Why get carpal tunnel surgery?
Carpal tunnel syndrome is also called median nerve entrapment, referring to the median nerve that runs along your forearm into your wrist and becomes compressed because of swollen tissue.
Your carpal tunnel is a narrow funnel in your wrist that protects your median nerve. Sometimes the tissue inside that tunnel can swell, press against your median nerve and cause pain. This is what causes carpal tunnel syndrome.
People suffering from carpal tunnel syndrome might notice numbness or tingling in their hands and wrists. You might experience sharp, piercing pain at work or find it difficult to comb your hair in the morning.
Carpal tunnel surgery is generally an option after you've exhausted other more conservative medical therapy. Before getting the surgery, your doctor might first recommend you wear a splint and use anti-inflammatory drugs to reduce the pain. You might also be given a list of exercises to do to help alleviate some of the problems. If this doesn't work, surgery might be the next option.
Insurance generally covers carpal tunnel surgery when it's found to be medically necessary.
What happens when you get carpal tunnel surgery?
Before you get the surgery, your doctor will run a few tests to determine whether your carpal tunnel syndrome is severe enough to call for surgery.
For your carpal tunnel surgery, your doctor will likely perform the surgery either endoscopically, using a small camera and small incisions, or an open surgery, making about a two-inch incision. It is typically an outpatient surgery performed either by numbing the area or placing you under general anesthesia, meaning you're asleep for the procedure.
During an open surgery, your surgeon will make a small incision on your palm. Once inside, your surgeon will cut a ligament in your wrist known as the carpal ligament. This creates more room for the median nerve, which helps you move all of your fingers except your little finger. In some cases, your surgeon might use a microscope to clean up the outside of the nerve.
While your wrist heals, your ligament tissues will generally grow back but leave more room for the median nerve.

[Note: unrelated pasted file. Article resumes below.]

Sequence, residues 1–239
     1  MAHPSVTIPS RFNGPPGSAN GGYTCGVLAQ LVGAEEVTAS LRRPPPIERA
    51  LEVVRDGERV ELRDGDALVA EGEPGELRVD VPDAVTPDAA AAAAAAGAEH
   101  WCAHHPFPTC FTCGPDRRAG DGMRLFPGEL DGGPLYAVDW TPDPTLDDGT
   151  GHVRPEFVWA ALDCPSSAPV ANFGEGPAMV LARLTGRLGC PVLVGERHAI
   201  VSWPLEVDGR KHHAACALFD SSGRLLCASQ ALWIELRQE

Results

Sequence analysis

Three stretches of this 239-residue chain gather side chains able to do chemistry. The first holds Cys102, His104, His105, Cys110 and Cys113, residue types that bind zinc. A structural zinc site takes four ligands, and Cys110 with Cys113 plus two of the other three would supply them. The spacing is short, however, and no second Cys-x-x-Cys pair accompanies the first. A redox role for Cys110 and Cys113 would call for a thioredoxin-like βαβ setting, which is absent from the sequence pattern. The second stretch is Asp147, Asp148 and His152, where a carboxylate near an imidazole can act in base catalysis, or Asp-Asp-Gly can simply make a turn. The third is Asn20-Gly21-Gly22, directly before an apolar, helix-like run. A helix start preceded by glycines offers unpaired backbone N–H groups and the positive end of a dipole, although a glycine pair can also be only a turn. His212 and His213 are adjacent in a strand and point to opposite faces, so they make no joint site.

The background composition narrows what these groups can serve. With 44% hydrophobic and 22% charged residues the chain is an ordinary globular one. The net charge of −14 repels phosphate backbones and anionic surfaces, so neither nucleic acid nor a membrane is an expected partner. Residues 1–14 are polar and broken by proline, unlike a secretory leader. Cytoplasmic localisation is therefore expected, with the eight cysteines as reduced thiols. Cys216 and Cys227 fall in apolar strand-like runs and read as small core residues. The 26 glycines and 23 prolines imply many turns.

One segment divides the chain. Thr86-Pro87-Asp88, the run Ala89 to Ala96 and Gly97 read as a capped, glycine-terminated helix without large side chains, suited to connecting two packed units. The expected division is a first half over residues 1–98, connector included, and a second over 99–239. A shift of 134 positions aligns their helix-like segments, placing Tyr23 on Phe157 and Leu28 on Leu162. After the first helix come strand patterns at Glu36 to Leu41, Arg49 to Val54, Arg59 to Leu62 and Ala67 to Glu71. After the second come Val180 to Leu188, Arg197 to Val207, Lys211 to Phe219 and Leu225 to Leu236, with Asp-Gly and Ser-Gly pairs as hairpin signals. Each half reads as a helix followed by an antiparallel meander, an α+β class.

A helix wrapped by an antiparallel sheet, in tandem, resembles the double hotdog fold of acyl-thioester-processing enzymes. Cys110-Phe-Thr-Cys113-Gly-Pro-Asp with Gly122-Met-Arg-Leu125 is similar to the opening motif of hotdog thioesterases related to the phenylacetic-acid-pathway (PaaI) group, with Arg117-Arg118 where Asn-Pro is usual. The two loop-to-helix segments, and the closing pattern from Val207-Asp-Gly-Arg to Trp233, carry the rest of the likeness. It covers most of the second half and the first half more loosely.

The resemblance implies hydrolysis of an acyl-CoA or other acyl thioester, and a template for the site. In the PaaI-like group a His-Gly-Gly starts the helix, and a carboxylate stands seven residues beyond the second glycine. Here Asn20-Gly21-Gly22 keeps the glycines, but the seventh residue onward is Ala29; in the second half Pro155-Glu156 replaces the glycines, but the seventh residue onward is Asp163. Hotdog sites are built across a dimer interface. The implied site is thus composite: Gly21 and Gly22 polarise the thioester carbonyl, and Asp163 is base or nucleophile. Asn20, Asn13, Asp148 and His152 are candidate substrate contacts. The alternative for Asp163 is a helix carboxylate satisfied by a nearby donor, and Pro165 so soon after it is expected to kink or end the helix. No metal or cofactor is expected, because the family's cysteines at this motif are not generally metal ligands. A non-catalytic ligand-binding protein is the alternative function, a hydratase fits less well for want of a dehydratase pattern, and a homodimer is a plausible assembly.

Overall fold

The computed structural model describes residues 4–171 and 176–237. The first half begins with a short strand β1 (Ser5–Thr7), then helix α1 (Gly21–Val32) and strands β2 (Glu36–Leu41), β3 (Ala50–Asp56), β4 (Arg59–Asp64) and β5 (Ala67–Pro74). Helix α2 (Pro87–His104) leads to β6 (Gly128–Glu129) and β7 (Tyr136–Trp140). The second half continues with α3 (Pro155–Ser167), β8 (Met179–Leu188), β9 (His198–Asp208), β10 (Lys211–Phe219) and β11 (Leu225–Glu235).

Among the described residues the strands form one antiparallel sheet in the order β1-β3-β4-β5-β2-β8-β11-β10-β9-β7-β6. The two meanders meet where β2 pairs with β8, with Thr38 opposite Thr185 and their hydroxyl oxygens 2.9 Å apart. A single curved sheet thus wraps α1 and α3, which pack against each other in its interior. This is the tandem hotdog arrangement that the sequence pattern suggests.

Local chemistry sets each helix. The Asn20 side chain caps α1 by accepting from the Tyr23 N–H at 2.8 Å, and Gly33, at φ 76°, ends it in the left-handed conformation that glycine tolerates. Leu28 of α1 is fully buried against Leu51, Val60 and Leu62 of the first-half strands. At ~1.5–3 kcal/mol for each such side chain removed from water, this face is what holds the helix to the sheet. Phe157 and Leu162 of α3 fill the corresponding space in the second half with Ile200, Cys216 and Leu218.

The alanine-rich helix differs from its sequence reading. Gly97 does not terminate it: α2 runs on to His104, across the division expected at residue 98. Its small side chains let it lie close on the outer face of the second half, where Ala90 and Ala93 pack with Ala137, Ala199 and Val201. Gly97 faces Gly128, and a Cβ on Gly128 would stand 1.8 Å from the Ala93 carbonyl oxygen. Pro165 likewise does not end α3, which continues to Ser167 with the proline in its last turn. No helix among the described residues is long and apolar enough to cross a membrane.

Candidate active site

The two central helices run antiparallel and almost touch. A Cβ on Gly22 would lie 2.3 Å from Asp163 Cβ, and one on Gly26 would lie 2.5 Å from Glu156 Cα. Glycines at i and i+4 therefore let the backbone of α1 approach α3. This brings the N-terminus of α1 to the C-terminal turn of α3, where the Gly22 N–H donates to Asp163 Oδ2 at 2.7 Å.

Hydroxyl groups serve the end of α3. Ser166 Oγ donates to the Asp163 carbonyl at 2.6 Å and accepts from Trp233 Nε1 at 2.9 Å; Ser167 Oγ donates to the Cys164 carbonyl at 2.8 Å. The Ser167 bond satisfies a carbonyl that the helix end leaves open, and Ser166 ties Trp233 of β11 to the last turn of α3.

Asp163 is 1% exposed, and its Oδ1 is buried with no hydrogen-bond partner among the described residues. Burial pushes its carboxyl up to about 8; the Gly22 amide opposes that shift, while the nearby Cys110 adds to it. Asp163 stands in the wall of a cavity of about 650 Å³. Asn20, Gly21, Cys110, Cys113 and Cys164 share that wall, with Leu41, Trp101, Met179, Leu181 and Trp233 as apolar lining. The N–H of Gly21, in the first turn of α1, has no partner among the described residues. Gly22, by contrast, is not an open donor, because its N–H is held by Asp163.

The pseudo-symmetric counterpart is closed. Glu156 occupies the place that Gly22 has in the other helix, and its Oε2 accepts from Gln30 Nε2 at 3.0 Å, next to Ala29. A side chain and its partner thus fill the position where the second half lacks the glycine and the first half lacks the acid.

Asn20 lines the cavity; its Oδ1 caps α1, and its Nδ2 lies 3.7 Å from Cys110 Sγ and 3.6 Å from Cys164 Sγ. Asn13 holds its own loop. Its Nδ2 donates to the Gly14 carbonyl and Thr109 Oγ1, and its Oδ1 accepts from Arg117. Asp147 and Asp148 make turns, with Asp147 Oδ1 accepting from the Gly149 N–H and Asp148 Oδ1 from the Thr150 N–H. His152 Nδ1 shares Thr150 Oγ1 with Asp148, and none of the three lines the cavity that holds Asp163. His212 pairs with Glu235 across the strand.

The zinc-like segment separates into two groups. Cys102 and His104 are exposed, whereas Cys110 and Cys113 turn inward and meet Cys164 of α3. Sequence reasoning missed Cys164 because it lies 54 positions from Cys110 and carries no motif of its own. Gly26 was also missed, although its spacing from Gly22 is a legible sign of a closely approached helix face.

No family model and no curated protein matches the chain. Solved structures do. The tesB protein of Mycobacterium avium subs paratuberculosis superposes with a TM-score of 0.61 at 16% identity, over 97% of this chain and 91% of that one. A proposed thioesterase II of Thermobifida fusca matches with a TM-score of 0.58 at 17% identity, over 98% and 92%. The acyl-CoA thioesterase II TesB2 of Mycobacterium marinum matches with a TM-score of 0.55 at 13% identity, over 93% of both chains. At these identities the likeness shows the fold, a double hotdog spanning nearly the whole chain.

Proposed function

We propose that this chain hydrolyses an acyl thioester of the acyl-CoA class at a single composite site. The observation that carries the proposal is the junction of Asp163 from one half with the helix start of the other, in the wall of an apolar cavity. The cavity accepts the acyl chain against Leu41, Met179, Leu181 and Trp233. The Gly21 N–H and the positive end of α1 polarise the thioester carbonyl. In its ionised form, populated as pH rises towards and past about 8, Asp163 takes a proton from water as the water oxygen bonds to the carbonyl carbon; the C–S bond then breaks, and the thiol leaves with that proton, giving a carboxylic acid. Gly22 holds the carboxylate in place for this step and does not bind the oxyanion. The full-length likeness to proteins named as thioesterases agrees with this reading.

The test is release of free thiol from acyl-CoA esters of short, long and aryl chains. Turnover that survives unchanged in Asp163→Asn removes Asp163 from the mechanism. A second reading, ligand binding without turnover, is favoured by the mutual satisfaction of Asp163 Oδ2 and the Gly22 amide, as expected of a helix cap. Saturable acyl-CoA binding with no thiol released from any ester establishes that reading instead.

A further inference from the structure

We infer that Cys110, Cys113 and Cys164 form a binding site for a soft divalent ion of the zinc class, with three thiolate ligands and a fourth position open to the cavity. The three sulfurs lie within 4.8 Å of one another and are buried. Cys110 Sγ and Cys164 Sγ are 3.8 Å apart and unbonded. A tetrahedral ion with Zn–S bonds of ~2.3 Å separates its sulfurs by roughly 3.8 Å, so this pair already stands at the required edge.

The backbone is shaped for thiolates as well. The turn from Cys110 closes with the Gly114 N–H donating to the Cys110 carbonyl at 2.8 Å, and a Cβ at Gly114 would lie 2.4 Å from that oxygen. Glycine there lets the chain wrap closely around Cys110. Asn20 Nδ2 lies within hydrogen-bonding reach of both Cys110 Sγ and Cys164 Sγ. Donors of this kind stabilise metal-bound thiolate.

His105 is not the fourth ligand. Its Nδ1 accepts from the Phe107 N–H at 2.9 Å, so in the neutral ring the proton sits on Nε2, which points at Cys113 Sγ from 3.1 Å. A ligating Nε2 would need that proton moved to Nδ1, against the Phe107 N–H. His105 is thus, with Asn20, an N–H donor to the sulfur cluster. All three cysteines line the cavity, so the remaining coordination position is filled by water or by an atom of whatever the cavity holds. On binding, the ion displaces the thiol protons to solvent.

Does it hurt?
You most likely won't feel anything during the surgery. Afterward, your doctor might prescribe medication to alleviate some of the pain and recommend that you elevate your hand above your heart to reduce swelling. You might experience some swelling and stiffness in your hand and wrist after the surgery. You might also be required to wear a wrist brace after the surgery.
What are the risk factors?
The risks of carpal tunnel surgery will vary from patient to patient and depend on whether you suffer from other medical problems.
With any surgery, there's a risk you'll have a reaction to the anesthesia and also risk of infection and bleeding. There's also a risk that your surgeon will damage nerves or tendons.
Depending on how severe your symptoms were, there's also a risk that you might not get better. Many carpal tunnel patients do recover, but results will vary from patient to patient.
Because of hand hygiene issues, you usually only have one hand operated at a time. Performing carpal tunnel surgery on both hands can increase the rate of infection.
What's the recovery time?
It can take a couple of months to fully recover from carpal tunnel surgery and feel full function again.
You'll be allowed to go back to work on light duty after a few days. If you have an office job, it's important to understand what restrictions you have on how much you can type and use a computer.
You'll get your stitches out about two weeks after the surgery. After about three weeks, you'll be allowed to get your hands around dirty environments. A carpal tunnel patient is sometimes sent to physical therapy to help with the recovery process.
It's important to listen to your doctor's recommendations in your recovery. For example, your doctor might suggest you perform exercises to help strengthen the muscle. It's also important to ask anything questions you might have before and after the surgery and be honest with your doctor about any concerns you have.
What's the follow-up?
Your doctor will likely want to see you a week or two weeks after the surgery to see how you're recovering. You might also go in about a month after surgery. It's rare to undergo a second carpal tunnel surgery on the same hand.
Sources: Dr. Mehdi Adham, a plastic and reconstructive surgeon at Southwest Orthopaedic and Reconstructive Specialists; The Mayo Clinic; The National Institutes of Health; National Institute of Neurological Disorders and Stroke; American Academy of Family Physicians; The American Academy of Orthopaedic Surgeons.